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Homework Help: First Year Calculus Course Mathematical Induction Problem

  1. Mar 3, 2013 #1
    Prove by mathematical induction:

    (2n)! < (2^(2n))*(n!)^2 , for all n=2,3,4...

    I know that to start you must prove that it is true for n=2,

    (2*2)! = 24 < 64 = (2^4)(2!)^2

    Then you assume that n=k and show tha n=k implies that n=(k+1)

    (2k)! < (2^(2k))*(k!)^2

    ... At this point I am completely lost, I don't know where to go from here to turn it into (k+1)
    Any help would be greatly appreciated.
  2. jcsd
  3. Mar 3, 2013 #2


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    But what factor does each side increase when you go from k to k+1?
  4. Mar 3, 2013 #3
    I'm not too sure... I tried multiplying both sides by 4, because if you do that you would end up getting:

    4(2k)! < 4(2^(2k))*(k!)^2
    4(2k)! < (2^2)*(2^(2k))*(k!)^2
    4(2k)! < (2^(2k+2))*(k!)^2
    4(2k)! < (2^(2(k+1)))*(k!)^2

    But then that still leaves me with (2k) on the left side and (k) on the right.
    Any suggestions? Am I on the right track?
  5. Mar 3, 2013 #4


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    It might be easier to see another way (2(k+1))!=A*(2k)! What's A? And 2^(2(k+1))*(k+1)!^2=B*(2^k*k!^2). What's B?
  6. Mar 3, 2013 #5
    Solving for A I get A = 1 + 1/k, and for B I get B = 4(k+1)^2.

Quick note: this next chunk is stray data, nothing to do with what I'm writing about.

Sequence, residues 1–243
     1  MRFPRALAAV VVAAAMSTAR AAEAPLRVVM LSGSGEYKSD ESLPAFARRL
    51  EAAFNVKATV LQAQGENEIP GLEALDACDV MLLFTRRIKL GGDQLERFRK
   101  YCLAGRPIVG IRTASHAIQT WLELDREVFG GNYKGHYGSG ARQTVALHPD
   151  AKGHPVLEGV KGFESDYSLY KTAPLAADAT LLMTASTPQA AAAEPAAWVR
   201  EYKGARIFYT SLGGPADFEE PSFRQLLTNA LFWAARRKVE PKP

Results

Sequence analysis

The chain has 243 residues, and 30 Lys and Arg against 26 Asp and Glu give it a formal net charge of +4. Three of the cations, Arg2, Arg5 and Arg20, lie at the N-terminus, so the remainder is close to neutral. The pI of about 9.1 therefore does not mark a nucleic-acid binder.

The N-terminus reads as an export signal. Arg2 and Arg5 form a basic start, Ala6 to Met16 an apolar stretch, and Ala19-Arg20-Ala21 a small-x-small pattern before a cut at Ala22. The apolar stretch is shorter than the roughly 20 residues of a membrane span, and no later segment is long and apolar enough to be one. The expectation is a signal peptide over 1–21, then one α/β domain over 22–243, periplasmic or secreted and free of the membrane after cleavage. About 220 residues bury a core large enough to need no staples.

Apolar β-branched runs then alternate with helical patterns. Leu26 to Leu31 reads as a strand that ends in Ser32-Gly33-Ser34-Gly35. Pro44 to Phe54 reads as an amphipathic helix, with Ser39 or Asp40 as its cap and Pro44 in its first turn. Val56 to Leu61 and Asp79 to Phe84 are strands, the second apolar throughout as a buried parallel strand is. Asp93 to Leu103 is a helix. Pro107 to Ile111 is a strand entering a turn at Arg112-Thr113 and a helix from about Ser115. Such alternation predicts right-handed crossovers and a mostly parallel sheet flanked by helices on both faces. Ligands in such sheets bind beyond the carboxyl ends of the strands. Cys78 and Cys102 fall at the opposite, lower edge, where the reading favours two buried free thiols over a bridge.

I don't think that we can multiply the inequality by k, so is there another way to approach this?
  7. Mar 3, 2013 #6


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    B is right. A isn't. (2(k+1))!/(2k)!=(2k+2)(2k+1), isn't it? Just bear with me. The whole point of this exercise is which is larger, A or B?
  8. Mar 3, 2013 #7
    Yes my mistake, A = (2k+2)(2k+1) = (4k^2 + 6k + 2) and B = (4k^2 + 8k + 4), so B is larger.
  9. Mar 3, 2013 #8


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    Yes it is.

    Can you prove it ?
  10. Mar 3, 2013 #9
    Yes! Thank you!

    (2(k+1))! = (2k+2)!
    = (2k+2)(2k+1)!
    = (2k+2)(2k+1)(2k)!
    = (4k^2 + 6k + 2)(2k)!
    < (4k^2 + 8k + 4)(2k)! < (4k^2 + 8k + 4)(2^(2k))(k!)^2 (based on assumption)
    and the rest is algebra!
    Thanks again!
  11. Mar 4, 2013 #10


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    Sure. That's what I was getting at.
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